In a recent case, the Supreme Court has observed that presence of an arbitration clause in the contract between the State and a private party is not an absolute bar for availing remedies under Article 226 of the Indian Constitution.
The Division Bench comprising Hon’ble Justice DY Chandrachud and Hon’ble Justice MR Shah further observed that the State and its instrumentalities are not exempt from the duty to act fairly because of their business dealings when they enter into a contract.
In the instant case, Division Bench of Telangana High Court upheld the order passed by Single Judge on Telangana State Industrial Infrastructure Corporation’s liability to refund Rs 165 crores to Unitech. However, the Division Bench modified the order and ruled that the interest was payable only from 14.10.2015.
Aggrieved, TSIIC moved the Supreme Court and argued that the High Court should not have entertained the writ under Article 226 as it was a purely contractual dispute that also contained an arbitration clause.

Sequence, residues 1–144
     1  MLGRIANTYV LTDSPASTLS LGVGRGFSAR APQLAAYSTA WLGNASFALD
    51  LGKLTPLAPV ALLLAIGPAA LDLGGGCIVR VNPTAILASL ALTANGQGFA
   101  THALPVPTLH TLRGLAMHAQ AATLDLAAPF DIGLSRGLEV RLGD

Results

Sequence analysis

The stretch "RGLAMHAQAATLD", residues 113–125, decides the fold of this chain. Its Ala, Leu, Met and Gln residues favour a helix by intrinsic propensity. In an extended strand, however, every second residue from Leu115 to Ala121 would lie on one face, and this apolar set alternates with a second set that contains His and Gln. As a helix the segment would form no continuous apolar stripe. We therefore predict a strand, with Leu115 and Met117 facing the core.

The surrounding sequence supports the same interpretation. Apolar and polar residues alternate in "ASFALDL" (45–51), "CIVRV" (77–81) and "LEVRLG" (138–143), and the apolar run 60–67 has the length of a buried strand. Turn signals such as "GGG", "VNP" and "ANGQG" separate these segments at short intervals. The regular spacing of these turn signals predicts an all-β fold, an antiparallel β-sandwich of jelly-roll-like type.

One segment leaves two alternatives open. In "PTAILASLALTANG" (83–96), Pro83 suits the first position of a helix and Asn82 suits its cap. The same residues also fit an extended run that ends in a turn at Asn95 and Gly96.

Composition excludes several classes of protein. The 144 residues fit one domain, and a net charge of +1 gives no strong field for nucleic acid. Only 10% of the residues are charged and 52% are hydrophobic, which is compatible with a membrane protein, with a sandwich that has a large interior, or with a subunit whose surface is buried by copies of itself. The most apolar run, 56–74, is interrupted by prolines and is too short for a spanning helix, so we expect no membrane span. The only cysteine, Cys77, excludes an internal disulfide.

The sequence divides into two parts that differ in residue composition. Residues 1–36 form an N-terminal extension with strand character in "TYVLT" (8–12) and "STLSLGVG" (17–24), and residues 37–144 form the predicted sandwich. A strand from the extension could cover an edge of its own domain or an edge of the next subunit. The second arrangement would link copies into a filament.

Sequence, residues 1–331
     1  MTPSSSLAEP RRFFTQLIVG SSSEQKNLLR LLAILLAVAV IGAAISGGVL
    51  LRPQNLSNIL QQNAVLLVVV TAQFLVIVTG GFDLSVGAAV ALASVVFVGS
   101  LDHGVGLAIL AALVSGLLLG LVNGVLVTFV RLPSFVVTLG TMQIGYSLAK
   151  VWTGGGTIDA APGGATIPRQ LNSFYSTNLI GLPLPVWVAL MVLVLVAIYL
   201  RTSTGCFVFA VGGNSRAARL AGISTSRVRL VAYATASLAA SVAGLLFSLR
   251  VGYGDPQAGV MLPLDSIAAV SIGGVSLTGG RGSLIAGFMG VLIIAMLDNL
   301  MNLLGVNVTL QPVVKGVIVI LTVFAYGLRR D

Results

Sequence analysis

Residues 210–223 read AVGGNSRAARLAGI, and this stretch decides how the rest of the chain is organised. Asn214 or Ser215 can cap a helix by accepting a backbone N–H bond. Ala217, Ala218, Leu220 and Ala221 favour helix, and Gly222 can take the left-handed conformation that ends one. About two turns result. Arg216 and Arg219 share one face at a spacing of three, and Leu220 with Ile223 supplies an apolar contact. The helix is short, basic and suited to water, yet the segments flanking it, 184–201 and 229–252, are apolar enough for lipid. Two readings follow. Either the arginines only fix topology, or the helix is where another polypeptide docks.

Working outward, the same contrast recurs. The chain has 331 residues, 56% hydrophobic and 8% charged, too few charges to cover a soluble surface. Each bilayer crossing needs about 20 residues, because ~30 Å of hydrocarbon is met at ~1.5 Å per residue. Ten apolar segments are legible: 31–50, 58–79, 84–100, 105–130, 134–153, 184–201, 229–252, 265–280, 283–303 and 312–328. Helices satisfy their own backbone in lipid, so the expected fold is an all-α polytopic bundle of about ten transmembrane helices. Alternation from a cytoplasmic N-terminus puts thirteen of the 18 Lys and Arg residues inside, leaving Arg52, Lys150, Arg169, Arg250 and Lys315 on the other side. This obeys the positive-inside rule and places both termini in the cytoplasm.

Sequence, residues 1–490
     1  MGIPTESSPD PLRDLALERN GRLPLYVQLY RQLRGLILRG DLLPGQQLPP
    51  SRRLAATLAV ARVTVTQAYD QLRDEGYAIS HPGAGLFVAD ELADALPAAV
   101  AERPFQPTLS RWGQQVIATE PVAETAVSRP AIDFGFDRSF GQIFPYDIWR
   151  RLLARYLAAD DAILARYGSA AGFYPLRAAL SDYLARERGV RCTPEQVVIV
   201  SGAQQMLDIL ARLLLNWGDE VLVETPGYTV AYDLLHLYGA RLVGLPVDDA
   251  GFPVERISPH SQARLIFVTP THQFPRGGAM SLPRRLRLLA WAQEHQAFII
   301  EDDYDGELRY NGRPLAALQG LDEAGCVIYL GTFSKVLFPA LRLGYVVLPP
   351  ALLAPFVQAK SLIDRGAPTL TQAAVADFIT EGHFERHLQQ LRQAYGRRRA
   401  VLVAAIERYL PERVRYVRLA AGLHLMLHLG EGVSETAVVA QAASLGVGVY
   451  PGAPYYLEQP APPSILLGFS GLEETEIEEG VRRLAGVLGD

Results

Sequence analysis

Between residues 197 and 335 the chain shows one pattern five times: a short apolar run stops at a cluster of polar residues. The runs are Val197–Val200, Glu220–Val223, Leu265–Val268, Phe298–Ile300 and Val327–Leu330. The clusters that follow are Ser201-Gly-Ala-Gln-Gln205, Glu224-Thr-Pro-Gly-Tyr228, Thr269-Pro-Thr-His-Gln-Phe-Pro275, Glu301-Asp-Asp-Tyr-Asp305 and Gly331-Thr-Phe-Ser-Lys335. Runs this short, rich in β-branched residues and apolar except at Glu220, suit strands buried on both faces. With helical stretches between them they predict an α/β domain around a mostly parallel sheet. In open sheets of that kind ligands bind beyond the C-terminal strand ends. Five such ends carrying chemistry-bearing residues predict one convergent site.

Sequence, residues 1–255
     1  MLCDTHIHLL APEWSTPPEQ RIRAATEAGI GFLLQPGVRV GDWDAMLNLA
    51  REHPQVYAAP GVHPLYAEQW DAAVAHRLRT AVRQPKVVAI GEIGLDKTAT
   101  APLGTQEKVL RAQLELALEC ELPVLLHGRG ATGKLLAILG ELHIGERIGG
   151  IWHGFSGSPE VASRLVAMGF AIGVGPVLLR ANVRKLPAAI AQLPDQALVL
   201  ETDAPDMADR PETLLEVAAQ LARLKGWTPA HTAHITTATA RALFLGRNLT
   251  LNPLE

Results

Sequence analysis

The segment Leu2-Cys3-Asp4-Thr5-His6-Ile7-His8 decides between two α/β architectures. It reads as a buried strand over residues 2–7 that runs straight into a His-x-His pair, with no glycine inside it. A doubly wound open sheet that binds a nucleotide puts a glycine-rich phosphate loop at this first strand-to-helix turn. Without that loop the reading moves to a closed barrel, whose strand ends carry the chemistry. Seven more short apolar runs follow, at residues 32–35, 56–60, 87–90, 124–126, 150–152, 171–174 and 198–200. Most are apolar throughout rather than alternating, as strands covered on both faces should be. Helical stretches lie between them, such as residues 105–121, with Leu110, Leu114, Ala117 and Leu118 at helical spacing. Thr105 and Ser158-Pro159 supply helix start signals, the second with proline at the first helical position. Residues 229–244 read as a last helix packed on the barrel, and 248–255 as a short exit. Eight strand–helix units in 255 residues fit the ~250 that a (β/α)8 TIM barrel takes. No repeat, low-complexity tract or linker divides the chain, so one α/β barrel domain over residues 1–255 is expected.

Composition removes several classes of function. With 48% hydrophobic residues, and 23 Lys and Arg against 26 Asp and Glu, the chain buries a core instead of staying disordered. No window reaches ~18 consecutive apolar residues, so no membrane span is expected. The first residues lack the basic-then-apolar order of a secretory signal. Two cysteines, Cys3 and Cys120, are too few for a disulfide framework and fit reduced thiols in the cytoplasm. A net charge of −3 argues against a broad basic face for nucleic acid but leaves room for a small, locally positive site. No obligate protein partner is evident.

While addressing the contention described above, the Apex Court observed that public law remedies are available to enforce legal rights.
The Bench further observed that while exercising jurisdiction under Article 226 Court can enquire if the action of the State unfair or arbitrary and if it violated Article 14. Jurisdiction under Article 226 was a valuable constitutional safeguard, and if it can be used in a contractual dispute would depend on the facts of the case.
Therefore, just because an arbitration clause is present in the contract, it does not mean jurisdiction under Article 226 cannot be exercised by courts, remarked the Court. While referring to the case at hand, the Bench opined that TSIIC did not just breach the contract and hoarded the principal amount and interest due to Unitech.
Hon’ble also opined that just because there was a contract, the State or its instrumentalities cannot claim exemption from public law and further clarified that State and instrumentalities are duty-bound to act fairly under Article 14 of Constitution.
The Court allowed the appeal by Unitech and set aside the High Court direction, which stated that interest was only payable from 14.10.2015